Our islands, Tobago and Trinidad, are lucky to lie at the cross roads of migration paths for birds from the northern and southern hemispheres. Faraaz Abdool asks us to look out for these travellers, some of which might be from North America or South America, depending on the time of year. Our hospitality means allowing them to find food in unpolluted natural spaces. All photos courtesy Faraaz Abdool
What exactly is migration? The term is often used in reference to human movements: emigration, immigration, rural to urban migration, colonisation, and the list goes on. In nature, however, migration is nothing like this. Migration is an endless cycle, tuned to the internal and external rhythms of the earth. Migratory species are intrinsically linked to our planet and its relationship with the sun, an elaborate play of light and shadow on a truly cosmic scale.
In nature, there are different types of migration. Altitudinal migration involves the movement of animals to and from areas of differing altitudes, based on climatic conditions, food availability or anthropogenic influence. This concept can be extended to some marine creatures, many of which migrate daily from the dark, high-pressure depths of the ocean to the shallows each night – returning to the darkness as daylight returns to the surface. The much-heralded Great Migration of East Africa involves millions of ungulates (hoofed mammals) – mostly wildebeest and plains zebra – following the roving but predictable patterns of rainfall. These animals are closely shadowed by a host of predators and the entire annual migration is one of the greatest spectacles on earth.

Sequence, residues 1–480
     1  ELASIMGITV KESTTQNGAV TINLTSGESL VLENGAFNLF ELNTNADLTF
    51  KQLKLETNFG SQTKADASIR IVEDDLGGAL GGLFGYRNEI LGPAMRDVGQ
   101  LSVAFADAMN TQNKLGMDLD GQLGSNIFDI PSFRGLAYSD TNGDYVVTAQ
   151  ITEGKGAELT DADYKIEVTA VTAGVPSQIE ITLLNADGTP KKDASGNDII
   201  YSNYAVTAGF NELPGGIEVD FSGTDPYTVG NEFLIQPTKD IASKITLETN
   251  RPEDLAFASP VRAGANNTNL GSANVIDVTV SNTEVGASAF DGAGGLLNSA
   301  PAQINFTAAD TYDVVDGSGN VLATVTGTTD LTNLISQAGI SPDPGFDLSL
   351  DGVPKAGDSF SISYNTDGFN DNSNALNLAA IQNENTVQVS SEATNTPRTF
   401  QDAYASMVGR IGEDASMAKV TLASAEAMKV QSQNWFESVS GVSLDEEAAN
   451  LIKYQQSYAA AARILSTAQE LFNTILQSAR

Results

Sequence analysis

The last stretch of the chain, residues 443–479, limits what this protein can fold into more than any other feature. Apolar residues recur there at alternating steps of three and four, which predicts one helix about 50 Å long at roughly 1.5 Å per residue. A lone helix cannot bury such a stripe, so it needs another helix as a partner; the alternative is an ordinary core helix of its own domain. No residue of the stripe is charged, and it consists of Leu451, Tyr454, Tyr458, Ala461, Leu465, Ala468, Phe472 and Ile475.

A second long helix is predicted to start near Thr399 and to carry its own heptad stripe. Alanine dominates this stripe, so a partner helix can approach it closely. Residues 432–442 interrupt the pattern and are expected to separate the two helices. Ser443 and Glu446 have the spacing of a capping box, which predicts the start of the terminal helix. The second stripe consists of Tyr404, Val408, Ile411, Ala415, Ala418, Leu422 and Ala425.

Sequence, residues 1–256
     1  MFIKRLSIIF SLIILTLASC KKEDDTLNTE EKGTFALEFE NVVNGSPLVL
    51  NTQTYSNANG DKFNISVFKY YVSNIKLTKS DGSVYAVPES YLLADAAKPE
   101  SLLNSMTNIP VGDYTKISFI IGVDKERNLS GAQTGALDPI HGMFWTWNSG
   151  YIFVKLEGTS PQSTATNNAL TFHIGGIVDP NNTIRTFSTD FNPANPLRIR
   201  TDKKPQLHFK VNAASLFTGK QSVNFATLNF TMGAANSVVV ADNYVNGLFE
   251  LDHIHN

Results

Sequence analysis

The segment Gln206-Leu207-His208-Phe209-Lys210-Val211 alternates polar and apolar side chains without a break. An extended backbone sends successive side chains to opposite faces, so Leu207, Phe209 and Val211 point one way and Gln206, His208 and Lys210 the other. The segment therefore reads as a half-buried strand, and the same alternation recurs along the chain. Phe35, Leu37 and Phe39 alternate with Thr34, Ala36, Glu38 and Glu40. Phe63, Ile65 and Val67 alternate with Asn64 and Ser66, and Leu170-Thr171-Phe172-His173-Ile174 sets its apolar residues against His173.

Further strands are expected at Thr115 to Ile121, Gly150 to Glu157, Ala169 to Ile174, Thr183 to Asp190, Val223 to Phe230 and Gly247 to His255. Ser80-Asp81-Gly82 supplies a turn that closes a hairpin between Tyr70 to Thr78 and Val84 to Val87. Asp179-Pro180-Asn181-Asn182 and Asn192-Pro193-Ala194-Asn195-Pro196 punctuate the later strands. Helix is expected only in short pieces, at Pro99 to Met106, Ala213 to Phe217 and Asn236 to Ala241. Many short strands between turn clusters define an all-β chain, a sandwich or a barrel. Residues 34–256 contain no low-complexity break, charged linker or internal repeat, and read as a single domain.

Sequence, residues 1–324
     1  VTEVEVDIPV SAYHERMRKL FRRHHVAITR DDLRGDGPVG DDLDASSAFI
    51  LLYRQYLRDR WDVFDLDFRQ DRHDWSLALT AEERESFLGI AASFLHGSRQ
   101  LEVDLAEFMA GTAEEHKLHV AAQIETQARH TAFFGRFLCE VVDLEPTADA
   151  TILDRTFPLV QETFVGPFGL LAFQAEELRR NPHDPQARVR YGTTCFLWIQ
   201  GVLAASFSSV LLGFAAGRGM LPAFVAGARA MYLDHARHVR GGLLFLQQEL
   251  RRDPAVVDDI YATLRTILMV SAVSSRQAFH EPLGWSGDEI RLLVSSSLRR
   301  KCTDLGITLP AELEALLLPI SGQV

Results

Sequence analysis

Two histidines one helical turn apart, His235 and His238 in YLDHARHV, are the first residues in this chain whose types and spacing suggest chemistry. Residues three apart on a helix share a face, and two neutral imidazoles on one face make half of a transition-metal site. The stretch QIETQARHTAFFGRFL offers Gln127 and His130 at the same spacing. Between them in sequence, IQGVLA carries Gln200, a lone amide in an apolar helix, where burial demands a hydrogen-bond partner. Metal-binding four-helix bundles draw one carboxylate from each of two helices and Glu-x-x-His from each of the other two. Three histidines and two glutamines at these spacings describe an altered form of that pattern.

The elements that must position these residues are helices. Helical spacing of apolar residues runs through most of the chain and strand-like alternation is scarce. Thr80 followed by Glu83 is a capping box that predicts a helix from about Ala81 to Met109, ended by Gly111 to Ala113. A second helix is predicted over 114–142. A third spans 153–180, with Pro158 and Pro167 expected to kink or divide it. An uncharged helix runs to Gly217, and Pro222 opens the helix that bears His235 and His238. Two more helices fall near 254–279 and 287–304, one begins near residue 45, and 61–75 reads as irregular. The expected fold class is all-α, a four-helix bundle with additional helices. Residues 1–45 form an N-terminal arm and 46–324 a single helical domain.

But what about us here on our tiny islands just north of the equator? Do our islands feature on the migration paths to allow us experience or insights to such unfathomable journeys? Yes, all we have to do is look up. The answer is above us. We are lucky to lie on the migration routes of flocks of birds heading south for the winter.
Thousands of species of birds are entirely migratory, many others are classed as partially migratory – where some of the population migrate while others stay in place. Possessing the ability to fly, birds travel great distances in search of food or suitable habitat. It is the mere scale of this that boggles the mind – the world’s champion long-distance migrant is the Arctic tern; at a weight of 113 grams, it can travel 71,000 kilometres on its round trip journey. Each year, it zigzags across the Atlantic Ocean from Greenland to Antarctica and back. But to see one in TT requires some good fortune. Only one Arctic tern has ever been seen here, a young bird on its northbound journey in May 2019.
There are several other species which rival the Arctic tern’s mammoth migration, many of these regularly transit through TT each year. The reason for this is that TT is located along the North American Atlantic Flyway – a sort of thoroughfare for migrating birds. Boreal migrants or migrants from North America routinely fly south to escape the cold fingers of the northern winter each year. Shorebird species like the red knot, pectoral sandpiper and hudsonian godwit spend the spring and summer months courting, mating and incubating eggs in the Arctic tundra. These birds do not have time to linger after their eggs hatch as their journey takes them southward across North America, throughout the Caribbean and into South America – as far as Tierra del Fuego. Once they arrive, it is a mad rush for food so that they can commence the second half of their migration: back to their Arctic breeding grounds.